August 05 2008 10:23AM
Derek Van Deist wisely penned a column this morning in the Sun basically inferring how screwed the Oilers would be if both Cogliano and Gagner had tandem sophomore slumps in the coming season. We’ll forget for the moment the fact that mentioning slumps is one of the things you DON’T DO with a sophomore player—like telling a stage actor to break a leg prior to a performance.
We thought the quotes from the two players on avoiding the sophomore slump are quite telling:
"A lot of the sophomore jinx has to do with guys forgetting how hard they worked to get here going into their rookie year. All of us that are going to be sophomores this year know how hard we have to work. We have worked hard this summer trying to make sure it doesn't happen.”
There have been many stories on Gagner’s commitment to training both on and off the ice, and we like his approach to having a productive second year in the league. “The only thing I can do to avoid the slump is to bang out squat thrusts until my eyes bleed. Tally-ho!”
What a good kid. We’d wager dollars for doughnuts that Gagner won’t have much of a trail off in his second year if any at all. His work ethic and seemingly “hard-work-no-ego” approach to the game simply shant allow it.
"I think the sophomore jinx is something you make up in your mind and the more you think about it, the more negative thoughts you're going to get and the more bad things are going to happen."
Ah, young Andrew. A bit more zen about it all, aren’t we? A bit more “The Secret” about the whole thing, it would seem. Negative thoughts won’t be the only thing could potentially derail your efforts in the next season. We would be more concerned if you decided to step up and take Raffi Torres/Jarret Stolls’ role in the E-town party scene this year. There are plenty of clubs that have lost their “an Oiler parties here” cache, and they will be looking to recruit. All the positive thoughts in the world won’t help you if you are rolling into practice hung over—or worse.
An Andrew Cogliano will be a good test of this new coaching/managing/GMing/Director of Hockey Operations machine. Keeping all these kids on the straight and narrow, and productive to boot, is no small order, particularly if they enjoy some more success as a group. It will be interesting to see if they start to get ahead of themselves and develop attitudes. This is hopefully where Daryl Katz can help. If he starts to see 23 little egos getting bigger with each passing game he can bring all the sophomores into a solid gold room in his mansion and give a little speech:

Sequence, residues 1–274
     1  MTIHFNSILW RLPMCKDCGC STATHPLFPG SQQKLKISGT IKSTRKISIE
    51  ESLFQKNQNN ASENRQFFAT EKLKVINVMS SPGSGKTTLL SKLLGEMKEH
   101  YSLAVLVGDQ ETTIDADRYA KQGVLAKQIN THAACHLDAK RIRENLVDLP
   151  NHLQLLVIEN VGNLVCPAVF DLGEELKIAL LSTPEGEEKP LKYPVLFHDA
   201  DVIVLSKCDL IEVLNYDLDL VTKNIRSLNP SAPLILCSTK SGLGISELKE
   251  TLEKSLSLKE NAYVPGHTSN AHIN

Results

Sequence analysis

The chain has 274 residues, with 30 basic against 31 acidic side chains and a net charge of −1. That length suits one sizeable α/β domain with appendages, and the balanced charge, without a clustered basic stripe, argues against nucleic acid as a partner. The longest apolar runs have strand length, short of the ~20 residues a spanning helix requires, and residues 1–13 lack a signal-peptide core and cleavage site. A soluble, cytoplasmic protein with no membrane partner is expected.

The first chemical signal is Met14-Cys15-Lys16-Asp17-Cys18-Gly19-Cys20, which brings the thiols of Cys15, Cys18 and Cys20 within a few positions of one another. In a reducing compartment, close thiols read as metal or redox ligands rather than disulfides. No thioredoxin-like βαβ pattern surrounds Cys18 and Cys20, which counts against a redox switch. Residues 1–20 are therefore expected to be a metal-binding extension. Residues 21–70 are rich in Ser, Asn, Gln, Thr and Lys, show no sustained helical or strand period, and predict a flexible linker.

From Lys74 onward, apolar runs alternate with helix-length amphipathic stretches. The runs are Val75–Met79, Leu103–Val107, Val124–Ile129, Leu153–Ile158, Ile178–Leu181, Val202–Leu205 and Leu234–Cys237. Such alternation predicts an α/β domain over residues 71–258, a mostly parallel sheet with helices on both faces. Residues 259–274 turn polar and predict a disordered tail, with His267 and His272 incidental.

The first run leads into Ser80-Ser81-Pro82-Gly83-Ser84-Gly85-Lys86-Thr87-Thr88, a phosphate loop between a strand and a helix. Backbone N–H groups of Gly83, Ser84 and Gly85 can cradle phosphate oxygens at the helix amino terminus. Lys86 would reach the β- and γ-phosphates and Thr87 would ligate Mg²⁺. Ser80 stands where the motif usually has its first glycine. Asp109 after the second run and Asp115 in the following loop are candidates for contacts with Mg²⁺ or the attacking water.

Katz: Show of hands, who here is a billionaire?
(All players sitting cross legged in front of Katz shake their heads and look confusedly at one another.)
Katz: That’s kinda what I thought. See I am a billionaire, and I also happen to own each and every one of you. Do you see me at Chrome Lounge in the North End of town on game nights?
All players: No.
Katz: Precisely. And if my teams of Navy Seals that follow you around see ANY of you out on game nights you will be black-bagged and brought back here to Katz Manor so fast your heads will spin. And you, Cogliano, I will kick your head clear off your shoulders and out that ten-foot window overlooking the beautiful river valley. And I will also have all history of you erased before your head hits the river.
Now THAT is how you avoid a sophomore slump. Strong leadership, surveillance and threats of horrific violence.
Fans can do their part too
Do your old Uncle Wanye a favour too, Nation. Let’s not get into a sophomore slump watch to start this season. This includes avoiding saying things like:
- Is there a sophomore slump?
- Look: the sophomore slump!
- My the Oilers are beset with sophomore slumps this season.
It’s such a stupid thing to discuss, potentially damaging to fragile young psyches and totally removes any intangibles or legitimate reasons for reduced production should that occur. Cogliano and Gagner are both going to be productive for years to come at an NHL level, perhaps even legitimate stars in the league. The last thing they need as they enter into their second NHL season—complete with harder checking lines, more even-strength minutes and (gasp!) expectations—is a bunch of us to sit around saying “Wow, tough luck on that powerplay. Must be the sophomore slump. SHOOOOOOOOOOT”